Friday, 18 May 2007
.travel registry near death
Aside from any of the other problems with the way that the franchise to "sponsor" the ".travel" top-level Internet domain name was awarded by ICANN to what is now the Tralliance division of TheGlobe.com, a travel business would have to be run by a real speculator to risk their Internet brand on a registry run by a company this close to liquidation:
By Ian Katz, South Florida Sun-Sentinel, May 18, 2007
... In a quarterly report filed with the Securities and Exchange Commission last week, theglobe.com said management does not think the company can fund its operations beyond this month unless it receives more money. As of May 4, the company had a cash balance of $480,000. Last quarter it reported a net loss of $2.8 million on revenues of $431,742....
The company's finances took a big hit in April when it paid $2.55 million to settle allegations that it sent 400,000 spam e-mail messages to users of MySpace, the popular social networking Web site....
Theglobe has abandoned Voiceglo, an Internet phone business, and a computer games operation. It now runs Tralliance, a wholesale seller of Internet domain names ending in dot-travel. Theglobe acquired Tralliance in 2005....
Does ICANN have a plan to deal with a registry liquidation?
I raised questions about the finances of both Tralliance and TheGlobe.com before ICANN's decision to create .travel. ICANN kept me out of their press conferences, and never answered my questions. ICANN also has never explained whether they approved the acquisition of Tralliance and .travel by TheGlobe.com as should have been required by the .travel contract.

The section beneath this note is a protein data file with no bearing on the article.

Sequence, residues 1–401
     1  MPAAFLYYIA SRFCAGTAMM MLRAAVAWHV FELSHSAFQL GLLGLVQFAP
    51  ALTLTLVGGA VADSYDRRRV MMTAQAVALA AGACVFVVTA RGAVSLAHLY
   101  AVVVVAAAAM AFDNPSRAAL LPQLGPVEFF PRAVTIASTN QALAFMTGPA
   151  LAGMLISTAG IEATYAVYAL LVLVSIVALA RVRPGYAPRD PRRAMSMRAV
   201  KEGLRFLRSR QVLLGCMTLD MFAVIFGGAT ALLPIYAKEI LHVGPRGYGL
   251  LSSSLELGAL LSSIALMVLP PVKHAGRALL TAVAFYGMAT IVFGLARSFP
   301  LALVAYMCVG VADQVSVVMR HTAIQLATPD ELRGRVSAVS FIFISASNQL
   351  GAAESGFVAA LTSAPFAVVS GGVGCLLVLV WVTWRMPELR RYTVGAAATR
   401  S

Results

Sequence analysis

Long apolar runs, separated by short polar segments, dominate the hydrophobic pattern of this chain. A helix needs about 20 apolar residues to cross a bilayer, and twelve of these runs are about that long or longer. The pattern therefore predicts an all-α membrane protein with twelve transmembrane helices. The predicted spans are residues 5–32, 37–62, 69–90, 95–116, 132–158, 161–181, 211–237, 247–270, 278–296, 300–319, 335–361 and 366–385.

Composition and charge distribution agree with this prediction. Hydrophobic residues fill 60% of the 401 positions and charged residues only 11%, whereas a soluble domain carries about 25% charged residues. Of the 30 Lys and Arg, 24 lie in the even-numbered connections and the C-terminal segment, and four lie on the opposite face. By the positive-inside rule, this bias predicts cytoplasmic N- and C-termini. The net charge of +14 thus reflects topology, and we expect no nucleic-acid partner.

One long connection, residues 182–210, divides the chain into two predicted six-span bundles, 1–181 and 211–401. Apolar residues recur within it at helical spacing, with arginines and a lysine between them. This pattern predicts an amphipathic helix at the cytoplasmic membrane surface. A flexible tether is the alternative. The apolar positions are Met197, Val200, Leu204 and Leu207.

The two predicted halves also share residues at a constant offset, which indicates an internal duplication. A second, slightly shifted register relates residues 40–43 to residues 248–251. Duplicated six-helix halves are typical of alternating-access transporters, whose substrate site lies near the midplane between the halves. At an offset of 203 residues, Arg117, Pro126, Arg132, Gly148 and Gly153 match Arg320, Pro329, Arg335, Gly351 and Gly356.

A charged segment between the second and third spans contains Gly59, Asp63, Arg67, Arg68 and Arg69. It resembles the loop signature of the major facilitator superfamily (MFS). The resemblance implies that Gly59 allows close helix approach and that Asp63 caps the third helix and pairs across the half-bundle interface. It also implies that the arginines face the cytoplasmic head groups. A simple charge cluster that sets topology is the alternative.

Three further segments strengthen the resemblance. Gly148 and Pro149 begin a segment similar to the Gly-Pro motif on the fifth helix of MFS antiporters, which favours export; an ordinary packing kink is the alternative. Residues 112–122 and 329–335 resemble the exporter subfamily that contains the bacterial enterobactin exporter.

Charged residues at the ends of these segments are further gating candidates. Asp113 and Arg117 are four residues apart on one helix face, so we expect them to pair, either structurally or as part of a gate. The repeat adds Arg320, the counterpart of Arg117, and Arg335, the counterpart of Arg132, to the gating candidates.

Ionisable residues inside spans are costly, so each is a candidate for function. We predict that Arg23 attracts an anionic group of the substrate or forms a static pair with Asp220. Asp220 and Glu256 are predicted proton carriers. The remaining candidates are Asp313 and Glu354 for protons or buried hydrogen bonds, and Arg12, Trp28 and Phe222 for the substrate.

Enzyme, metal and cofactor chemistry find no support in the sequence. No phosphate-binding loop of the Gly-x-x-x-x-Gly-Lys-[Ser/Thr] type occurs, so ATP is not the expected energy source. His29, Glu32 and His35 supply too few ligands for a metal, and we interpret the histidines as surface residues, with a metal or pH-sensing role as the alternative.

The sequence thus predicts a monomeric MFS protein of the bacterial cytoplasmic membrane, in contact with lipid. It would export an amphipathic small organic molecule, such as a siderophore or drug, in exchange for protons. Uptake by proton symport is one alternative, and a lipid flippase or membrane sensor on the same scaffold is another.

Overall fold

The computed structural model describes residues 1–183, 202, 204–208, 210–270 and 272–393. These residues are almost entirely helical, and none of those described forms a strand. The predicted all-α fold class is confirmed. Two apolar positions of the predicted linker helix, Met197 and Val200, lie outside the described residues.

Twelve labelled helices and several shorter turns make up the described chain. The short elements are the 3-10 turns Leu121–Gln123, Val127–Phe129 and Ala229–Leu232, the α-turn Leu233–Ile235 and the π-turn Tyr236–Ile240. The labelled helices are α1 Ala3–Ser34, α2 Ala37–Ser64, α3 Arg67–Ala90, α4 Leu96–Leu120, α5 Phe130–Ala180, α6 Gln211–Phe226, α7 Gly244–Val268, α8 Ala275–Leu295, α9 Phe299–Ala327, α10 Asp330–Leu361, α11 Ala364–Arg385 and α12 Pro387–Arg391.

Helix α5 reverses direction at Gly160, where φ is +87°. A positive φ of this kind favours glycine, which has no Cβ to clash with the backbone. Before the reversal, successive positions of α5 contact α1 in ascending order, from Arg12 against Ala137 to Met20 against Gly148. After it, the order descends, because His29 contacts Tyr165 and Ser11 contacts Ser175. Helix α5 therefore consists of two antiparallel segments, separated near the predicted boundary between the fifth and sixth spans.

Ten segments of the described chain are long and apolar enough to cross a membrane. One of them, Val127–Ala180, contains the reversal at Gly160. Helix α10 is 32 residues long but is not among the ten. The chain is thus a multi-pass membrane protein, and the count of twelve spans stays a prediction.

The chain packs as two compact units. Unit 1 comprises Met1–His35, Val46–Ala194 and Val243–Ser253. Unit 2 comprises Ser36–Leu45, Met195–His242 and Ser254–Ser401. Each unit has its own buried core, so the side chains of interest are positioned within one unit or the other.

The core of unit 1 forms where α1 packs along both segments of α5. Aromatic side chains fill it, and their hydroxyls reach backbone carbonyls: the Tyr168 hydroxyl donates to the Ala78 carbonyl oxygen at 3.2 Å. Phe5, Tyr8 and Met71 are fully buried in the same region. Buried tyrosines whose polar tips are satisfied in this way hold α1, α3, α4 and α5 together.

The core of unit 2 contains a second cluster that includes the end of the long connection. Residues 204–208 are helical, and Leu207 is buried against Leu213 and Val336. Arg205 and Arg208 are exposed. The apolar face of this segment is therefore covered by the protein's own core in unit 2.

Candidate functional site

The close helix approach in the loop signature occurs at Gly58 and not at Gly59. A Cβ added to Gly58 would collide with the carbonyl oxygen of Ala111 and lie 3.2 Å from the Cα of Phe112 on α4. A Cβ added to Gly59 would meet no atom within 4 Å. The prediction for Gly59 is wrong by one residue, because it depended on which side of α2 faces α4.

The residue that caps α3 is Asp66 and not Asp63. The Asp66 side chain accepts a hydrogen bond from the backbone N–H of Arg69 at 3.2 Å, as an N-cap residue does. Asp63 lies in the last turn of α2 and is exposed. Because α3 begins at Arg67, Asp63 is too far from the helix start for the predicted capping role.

My request for an independent review of the (lack of) transparency of ICANN's original decision to create a .travel domain with Tralliance as registry remains pending after more than two years. All of ICANN's mechanisms for so-called accountability have proven meaningless when I've actually tested them.
[Addendum:] Dugie Standeford picks up the story in the 22 May 2007 edition of Washington Internet Daily :
Link | Posted by Edward on Friday, 18 May 2007, 16:27 ( 4:27 PM) | TrackBack (0)
There isn't enough interest in .travel to save TheGlobe, said travel writer Edward Hasbrouck, who has battled unsuccessfully for years with ICANN on behalf of an independent review of its decision to approve the domain and delegate it to [Tralliance], later bought by TheGlobe. Travelers aren't drawn to the name for several reasons, he said. They want information independent of travel services suppliers, not a service guaranteed to be restricted to such companies. So they use Google or other search engines to trawl for travel services, he said.
And since very few travelers use .travel, it offers little value to suppliers of travel services, Hasbrouck said. Large travel outfits will register a .travel name even if they don't use it, but smaller ones "won't waste the $100." Moreover, he said, potential registrants are wary of TheGlobe.com and TheGlobe because they're "interested in their own profits, not those of .travel registrants." Word of a possible bankruptcy could frighten off even more would-be registrants, said Hasbrouck.
[Further addendum:] Discussion of this issue by ICANN's At-Large Advisory Committee (ALAC). According to this message "the [ICANN] Board [of Directors] is already aware and discussing it", but that discussion is, as usual, going on in secret, in violation of ICANN's bylaw requiring the maximum feasible openness and transparency.
[Further addendum} John Levine notes that documents filed with the SEC disclose that the backers of .travel -- Michael Egan, Chairman of tour operator Certified Vacations , and Ed Cespedes , CEO of the Tralliance Corp. since its original Presdent, fromer NHL hockey player Ron Andruff, was laid off -- are providing just enough of a trickle of funding to keep the parent company, TheGlobe.com, afloat. TheGlobe has been through several (failed) business plans, but the company's latest press release makes clear that the .travel franchise is its only potentially significant remianing asset: "theglobe.com ... now consists mainly of our Tralliance operations."